SISTERS, The Black Tones, Future Habitat


The Black Tones, Future Habitat

Ages 21+
SISTERS, The Black Tones, Future Habitat 21+

“A revolution without dancing is not a revolution worth having" is a quote famously attributed to Author Emma

Goldman. These words could be the motto of Emily Westman and Andrew Vait; better known as pop duo


On the heels of their debut LP, Drink Champagne (February, 2017), SISTERS released their second full-length

album, Wait Don't Wait in October of 2017 via Tender Loving Empire. Since the release, the band has been in

high demand touring Europe and the United States in 2017 and 2018 – appearing at SXSW, Treefort Music Fest,

numerous Pride festivals, and at Capitol Hill Block Party in their hometown of Seattle, WA.

SISTERS has been hard at work on their next project, an EP which will be released by Tender Loving Empire in

the spring of 2019. The EP will feature several remixes from Wait Don’t Wait alongside new recordings from

the band.

SISTERS continues to connect with audiences through songs that beg repeat listens and performances that turn

venues into dance parties. Through that connection, they are working toward creating a world that is safe for

everyone. Hatred, violence and all of the things that threaten life and love cannot survive in the face of true

joy. And in a world that desperately needs it right now, SISTERS consistently delivers unrestrained joy.

"They are masters of crafting music, but they are legends of crafting community." - KEXP


"In real life, the band SISTERS do not want to sell you real estate and/or have you join a cult...If they did,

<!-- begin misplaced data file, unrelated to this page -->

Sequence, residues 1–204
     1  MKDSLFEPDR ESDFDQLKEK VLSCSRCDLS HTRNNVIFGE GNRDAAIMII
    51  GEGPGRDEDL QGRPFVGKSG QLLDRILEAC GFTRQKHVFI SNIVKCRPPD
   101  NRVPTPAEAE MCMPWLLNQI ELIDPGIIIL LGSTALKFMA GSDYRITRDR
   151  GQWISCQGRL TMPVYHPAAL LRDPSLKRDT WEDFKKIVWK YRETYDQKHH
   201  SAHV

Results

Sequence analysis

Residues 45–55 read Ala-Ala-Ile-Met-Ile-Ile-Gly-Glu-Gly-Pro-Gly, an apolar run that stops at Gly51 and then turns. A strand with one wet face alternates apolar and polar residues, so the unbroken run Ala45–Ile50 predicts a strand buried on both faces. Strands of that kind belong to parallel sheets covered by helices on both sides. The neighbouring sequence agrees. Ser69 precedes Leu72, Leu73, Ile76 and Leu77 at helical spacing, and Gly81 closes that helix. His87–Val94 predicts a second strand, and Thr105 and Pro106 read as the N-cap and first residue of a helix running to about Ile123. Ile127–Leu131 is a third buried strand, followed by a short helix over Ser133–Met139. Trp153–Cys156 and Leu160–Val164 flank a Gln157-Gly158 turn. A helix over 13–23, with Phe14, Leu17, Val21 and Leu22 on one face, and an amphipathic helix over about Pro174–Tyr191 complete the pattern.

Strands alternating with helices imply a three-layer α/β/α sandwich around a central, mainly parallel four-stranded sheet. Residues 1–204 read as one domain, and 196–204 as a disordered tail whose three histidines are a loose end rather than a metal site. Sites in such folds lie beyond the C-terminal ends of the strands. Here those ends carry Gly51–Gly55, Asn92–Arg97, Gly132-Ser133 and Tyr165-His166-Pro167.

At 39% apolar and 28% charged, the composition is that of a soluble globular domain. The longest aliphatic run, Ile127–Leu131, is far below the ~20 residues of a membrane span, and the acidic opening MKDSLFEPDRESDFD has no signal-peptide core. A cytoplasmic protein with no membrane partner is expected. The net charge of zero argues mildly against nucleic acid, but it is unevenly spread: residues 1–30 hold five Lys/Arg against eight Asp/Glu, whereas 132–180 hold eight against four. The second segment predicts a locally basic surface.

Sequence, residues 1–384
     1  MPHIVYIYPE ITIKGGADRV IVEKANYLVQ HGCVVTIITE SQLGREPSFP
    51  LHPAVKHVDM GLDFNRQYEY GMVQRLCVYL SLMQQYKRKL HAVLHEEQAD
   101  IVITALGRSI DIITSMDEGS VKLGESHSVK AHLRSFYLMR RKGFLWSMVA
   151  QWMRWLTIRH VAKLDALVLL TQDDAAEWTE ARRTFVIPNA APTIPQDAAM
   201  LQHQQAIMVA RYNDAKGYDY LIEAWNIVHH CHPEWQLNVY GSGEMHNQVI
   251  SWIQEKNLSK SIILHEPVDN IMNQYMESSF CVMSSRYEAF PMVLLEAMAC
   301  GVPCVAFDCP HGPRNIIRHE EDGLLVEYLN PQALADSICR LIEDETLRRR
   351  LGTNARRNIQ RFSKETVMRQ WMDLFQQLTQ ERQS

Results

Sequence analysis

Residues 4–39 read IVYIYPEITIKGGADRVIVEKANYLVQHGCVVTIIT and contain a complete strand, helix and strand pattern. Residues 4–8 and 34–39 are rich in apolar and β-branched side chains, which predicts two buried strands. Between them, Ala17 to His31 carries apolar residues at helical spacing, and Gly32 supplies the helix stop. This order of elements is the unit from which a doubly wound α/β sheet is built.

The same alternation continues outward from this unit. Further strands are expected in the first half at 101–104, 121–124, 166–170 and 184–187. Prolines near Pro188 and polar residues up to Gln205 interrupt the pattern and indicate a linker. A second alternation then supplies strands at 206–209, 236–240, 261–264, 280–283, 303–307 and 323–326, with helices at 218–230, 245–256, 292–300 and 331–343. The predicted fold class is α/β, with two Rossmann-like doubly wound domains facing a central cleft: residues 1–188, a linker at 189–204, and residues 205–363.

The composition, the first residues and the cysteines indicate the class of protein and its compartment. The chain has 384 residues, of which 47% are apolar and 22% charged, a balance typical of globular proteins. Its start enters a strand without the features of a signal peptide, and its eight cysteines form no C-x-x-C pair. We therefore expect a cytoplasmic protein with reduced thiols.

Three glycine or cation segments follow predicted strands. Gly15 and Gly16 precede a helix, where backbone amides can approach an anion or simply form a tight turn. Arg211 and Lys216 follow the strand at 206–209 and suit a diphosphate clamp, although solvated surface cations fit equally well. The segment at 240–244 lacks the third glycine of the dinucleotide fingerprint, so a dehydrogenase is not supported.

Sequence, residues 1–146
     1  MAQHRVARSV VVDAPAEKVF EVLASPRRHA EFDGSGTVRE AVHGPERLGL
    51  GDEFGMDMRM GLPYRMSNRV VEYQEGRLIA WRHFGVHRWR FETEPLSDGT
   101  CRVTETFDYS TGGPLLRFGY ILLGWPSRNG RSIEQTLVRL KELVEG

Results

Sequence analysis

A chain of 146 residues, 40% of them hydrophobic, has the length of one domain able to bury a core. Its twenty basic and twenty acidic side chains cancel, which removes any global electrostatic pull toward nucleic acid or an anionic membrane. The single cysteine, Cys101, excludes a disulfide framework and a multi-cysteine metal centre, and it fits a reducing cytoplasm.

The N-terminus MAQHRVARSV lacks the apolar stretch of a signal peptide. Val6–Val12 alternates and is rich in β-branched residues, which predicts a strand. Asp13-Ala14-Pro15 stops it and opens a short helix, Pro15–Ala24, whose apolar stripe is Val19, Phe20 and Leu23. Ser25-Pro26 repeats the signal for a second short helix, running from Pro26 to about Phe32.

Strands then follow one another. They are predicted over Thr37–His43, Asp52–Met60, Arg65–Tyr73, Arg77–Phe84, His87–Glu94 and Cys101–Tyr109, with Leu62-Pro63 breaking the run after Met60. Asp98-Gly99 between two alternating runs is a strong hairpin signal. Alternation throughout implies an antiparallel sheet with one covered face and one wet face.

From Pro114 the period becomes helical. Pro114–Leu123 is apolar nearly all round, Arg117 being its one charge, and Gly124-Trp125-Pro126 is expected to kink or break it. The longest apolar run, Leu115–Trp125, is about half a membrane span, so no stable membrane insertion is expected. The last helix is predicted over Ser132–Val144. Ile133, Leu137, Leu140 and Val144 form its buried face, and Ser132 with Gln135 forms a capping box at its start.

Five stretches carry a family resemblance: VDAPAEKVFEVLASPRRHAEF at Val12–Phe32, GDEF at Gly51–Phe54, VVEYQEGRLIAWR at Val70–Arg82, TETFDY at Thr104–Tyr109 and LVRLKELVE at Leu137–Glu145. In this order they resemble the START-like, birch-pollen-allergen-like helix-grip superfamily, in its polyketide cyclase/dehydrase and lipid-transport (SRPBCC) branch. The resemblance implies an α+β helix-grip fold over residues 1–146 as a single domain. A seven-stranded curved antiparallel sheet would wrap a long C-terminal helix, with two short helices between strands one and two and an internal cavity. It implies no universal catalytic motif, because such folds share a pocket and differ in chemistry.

though, it might be worth looking into." - The Stranger


"The origin story of indie project SISTERS is like a fairytale, and we're completely on board with it." 

- Impose Magazine


"The formally trained pair wield all their talents harmonizing, drumming, playing synth and God knows

how many other instruments, often all at once." - Seattle Weekly

The Black Tones album title Cobain and Cornbread is a description of the band that lead singer/guitarist Eva came up with playing at a show, in answer to the most commonly asked question, “What does your band sound like?” This tasty adroitly description sums up her and her twin drummer Cedric David’s Seattle-spawned punk-blues. “Sometimes we don’t even sound like our influences,” she explains, “So the best way I found to describe The Black Tones was to talk about our environment we were raised around, which was a bunch of southerners living in the Northwest.”

Louisiana-bred, though born and raised in Seattle, The Black Tones’ reference to grunge god Kurt and the Native American quick bread cuisine, evokes “Southern influences in the grey of the Northwest,” Eva says. “It sort of creates this offspring of rebellion and soul. We eat gumbo in our flannel shirts, and we eat red beans and rice while head-banging!”

Music was a huge part of Eva and Cedric’s childhood, their first shared fandom being for “Turn Your Love Around” by iconic vocalist and guitarist George Benson, which they would dance to together every time the radio played it. They enjoyed looking in at what their older siblings were digging on MTV, such as Jay Z, Nirvana, Blind Melon, Michael Jackson, and “90s pop music was awesome too! And R&B like SWV, En Vogue, etc.,” Eva says. In high school their tastes had drifted; Eva was introduced to Jimi Hendrix, Led Zeppelin, and Pink Floyd. After high school she researched and grooved on the old blues and folk that had influenced those classic rock bands. At the same time, she and Cedric were also big World-Wide Wrestling fans — “we loved wrestling! Cedric loved it before I did, but then I became a fanatic too.” They really enjoyed the hard rock music used in bouts, drawing them closer to heavy metal.

Venue Information:
The Shakedown
1212 N State St
Bellingham, WA, 98225